He isn’t alone. For the first time in our nation’s history we may very well see a black person elected to the Oval Office. That has white people all across America asking the same thing my dad is asking. What’s up with Barack’s pastor?
The religious left (including Rev. Wright himself) has defended Rev. Wright’s preaching by locating it within the prophetic black rhetorical tradition. They argue that whites standing outside the culture and ethos of the black community — and especially the black church — simply cannot understand the sociology at work in the black pulpit and should, therefore, refrain from criticizing it. Certainly Rev. Wright’s jeremiadic voice does belong inside a long and venerable tradition of black preachers speaking from and for people on the margins. But the idea that words coming out of this prophetic place are somehow beyond critique is flat wrong and ought to be exposed for what it really is — nothing more than a sociologically dressed up version of, “It’s a black thing . . . you wouldn’t understand.”

On the other side is the response not being offered in any of America’s newspapers but certainly present at many of its dinner tables. This response is only one word, but that one word says a lot about where we are with race in 2008. “Figures.” A lot of whites hear the charged rhetoric coming from Rev. Wright’s pulpit and they receive it as confirmation of all their suspicions about black people, Barack Obama included. In other words, “I totally understand . . . it’s a black thing.”

Well, it is most certainly a black thing. And it is a white thing also. Out of their very divergent historical experiences blacks and whites tend to read and interpret history differently. A case in point: Thomas Jefferson. Whites see Jefferson as a great hero and champion of democracy. Blacks, on the other hand, often see Jefferson as a man who never could quite shake the mindset of a master in order to live up to his ideals. Jefferson is an excellent case study, but I want to suggest that at the heart of this whole thing are divergent and in some ways mutually exclusive interpretations of another historical figure: Jesus. That’s right, I’m suggesting this whole thing is a Christological problem. In other words, it’s a black thing and it’s a white thing, but it is also most definitely a Jesus thing.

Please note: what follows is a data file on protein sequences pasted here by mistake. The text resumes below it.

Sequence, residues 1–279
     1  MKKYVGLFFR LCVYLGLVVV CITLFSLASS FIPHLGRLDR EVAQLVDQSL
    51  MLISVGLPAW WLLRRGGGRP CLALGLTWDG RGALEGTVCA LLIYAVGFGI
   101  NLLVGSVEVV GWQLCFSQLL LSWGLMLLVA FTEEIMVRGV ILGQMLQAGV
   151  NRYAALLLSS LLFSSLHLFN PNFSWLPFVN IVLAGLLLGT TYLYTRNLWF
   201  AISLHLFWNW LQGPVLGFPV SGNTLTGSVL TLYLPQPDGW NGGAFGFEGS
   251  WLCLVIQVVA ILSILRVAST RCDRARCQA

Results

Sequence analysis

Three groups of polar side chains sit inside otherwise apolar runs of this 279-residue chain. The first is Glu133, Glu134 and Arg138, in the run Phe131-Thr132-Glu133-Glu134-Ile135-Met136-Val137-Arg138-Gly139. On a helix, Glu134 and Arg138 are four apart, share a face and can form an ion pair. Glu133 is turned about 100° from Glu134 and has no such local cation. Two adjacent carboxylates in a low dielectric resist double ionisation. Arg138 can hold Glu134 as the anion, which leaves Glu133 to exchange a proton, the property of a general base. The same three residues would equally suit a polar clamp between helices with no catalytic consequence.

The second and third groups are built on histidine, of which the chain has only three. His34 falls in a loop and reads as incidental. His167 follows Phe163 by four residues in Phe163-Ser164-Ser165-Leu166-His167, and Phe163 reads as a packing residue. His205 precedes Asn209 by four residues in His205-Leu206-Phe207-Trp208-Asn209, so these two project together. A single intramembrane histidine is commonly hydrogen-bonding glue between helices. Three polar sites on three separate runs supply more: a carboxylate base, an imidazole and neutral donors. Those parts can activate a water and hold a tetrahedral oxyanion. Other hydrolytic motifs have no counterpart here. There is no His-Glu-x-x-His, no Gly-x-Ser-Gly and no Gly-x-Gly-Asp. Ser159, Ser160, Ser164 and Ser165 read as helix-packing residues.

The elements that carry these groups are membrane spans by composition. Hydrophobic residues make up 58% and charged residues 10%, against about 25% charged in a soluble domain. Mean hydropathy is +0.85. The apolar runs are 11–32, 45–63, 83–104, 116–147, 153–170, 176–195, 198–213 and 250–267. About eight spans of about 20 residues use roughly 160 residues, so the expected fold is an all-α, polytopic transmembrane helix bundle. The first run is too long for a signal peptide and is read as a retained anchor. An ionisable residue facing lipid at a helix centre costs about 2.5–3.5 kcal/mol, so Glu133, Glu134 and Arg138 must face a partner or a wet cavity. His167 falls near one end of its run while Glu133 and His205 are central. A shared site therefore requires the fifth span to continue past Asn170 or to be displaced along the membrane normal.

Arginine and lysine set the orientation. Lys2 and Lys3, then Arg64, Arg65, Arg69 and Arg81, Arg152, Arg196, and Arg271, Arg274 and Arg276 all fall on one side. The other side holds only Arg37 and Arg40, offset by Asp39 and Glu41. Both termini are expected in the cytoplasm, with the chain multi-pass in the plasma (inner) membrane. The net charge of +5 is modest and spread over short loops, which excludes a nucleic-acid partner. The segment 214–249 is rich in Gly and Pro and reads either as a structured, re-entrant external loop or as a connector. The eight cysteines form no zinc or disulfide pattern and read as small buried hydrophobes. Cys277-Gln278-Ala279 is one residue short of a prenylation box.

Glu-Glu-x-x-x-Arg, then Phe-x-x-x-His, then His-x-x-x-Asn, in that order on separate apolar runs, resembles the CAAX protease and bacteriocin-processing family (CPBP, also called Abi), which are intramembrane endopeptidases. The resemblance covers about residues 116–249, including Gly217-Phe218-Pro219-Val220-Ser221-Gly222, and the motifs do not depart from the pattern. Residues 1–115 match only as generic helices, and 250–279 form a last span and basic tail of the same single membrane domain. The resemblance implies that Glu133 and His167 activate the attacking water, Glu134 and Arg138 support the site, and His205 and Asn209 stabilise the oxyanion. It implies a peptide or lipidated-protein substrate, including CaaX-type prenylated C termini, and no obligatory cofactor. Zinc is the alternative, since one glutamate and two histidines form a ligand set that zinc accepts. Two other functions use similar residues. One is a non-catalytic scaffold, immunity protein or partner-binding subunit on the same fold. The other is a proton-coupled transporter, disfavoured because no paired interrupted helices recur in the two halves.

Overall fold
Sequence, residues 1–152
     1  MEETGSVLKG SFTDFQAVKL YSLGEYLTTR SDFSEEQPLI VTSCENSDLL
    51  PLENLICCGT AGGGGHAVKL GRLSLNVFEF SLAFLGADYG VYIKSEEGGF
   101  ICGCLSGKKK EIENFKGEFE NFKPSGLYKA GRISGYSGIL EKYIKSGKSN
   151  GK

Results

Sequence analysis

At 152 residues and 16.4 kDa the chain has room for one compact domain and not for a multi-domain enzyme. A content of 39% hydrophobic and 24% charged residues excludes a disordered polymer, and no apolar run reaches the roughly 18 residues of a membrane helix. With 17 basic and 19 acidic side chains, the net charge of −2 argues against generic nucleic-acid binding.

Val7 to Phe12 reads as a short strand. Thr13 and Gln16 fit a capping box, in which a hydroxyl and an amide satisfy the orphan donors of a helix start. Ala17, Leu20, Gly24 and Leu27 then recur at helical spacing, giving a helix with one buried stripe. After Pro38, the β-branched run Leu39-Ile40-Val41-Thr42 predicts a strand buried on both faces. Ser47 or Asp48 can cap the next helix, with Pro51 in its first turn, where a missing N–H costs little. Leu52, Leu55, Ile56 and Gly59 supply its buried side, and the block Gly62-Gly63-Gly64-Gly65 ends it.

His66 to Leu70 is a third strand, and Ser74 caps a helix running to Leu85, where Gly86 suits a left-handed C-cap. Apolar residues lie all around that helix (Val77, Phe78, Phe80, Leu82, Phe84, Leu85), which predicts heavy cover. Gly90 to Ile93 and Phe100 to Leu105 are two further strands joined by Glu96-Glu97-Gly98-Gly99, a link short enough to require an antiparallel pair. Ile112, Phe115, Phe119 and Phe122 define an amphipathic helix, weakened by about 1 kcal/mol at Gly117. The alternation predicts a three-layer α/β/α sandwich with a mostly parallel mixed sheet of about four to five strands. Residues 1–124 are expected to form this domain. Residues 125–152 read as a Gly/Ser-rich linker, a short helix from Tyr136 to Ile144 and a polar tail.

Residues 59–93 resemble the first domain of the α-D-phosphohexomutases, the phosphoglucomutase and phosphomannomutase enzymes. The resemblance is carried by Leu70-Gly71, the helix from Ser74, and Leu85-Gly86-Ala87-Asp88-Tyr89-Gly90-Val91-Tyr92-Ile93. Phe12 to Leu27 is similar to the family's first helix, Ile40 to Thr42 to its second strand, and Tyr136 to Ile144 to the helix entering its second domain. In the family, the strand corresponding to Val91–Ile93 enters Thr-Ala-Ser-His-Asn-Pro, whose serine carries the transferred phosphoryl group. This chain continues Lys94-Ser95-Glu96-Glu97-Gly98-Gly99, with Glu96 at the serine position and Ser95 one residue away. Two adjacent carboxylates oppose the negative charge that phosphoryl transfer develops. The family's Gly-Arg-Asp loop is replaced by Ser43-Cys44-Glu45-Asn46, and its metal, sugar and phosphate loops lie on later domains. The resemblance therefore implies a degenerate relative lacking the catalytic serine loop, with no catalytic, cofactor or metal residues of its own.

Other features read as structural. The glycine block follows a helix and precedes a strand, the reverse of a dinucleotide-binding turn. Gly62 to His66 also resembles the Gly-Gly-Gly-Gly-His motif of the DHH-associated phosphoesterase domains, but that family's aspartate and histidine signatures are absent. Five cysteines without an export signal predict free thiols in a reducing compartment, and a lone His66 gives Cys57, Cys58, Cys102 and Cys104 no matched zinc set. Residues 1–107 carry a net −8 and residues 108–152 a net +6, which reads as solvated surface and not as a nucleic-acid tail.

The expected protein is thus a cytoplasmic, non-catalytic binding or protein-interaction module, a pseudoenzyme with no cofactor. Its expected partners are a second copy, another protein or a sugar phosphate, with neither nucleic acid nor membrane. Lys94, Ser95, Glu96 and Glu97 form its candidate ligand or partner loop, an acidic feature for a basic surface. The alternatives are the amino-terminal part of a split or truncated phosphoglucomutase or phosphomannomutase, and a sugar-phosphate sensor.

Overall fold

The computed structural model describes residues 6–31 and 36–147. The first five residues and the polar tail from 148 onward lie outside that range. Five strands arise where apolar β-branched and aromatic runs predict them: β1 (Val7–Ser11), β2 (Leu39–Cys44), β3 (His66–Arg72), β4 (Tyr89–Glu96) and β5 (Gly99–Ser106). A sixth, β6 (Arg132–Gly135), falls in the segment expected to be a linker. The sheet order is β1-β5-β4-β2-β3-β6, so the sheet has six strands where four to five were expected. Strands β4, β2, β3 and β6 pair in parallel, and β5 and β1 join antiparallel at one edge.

Blacks and whites read Jesus differently. Rev. Wright is black and his congregation is largely (and unashamedly) black. So when he reads about Jesus he reads about a man of color born into and killed by the cruel forces of a racist empire. That’s true and ought to be preached.

When most white Americans, like my dad, think of Jesus they think of the man who died an atoning death for their individual sins. Jesus was a great Jewish leader whose teachings show us how to live morally exemplary lives. That’s true and ought to be preached also.

It is difficult, however, to see why a religious teacher concerned primarily with making nice guys out of meanies would have raised the eyebrows of the powers that be. I just can’t buy that. On the other hand, it is equally difficult to believe that a radical revolutionary bent liberating his people from oppression by any means necessary would have gone to the cross without putting up a fight.

Perhaps it is more than just ironic that this whole debate would surface just before Easter. Two-thousand years after his death we are still asking what the early witnesses of Jesus’ ministry asked. “Who is this man?”

Who this man is to us still matters.

And, in 2008, who this man is to others matters more than ever also.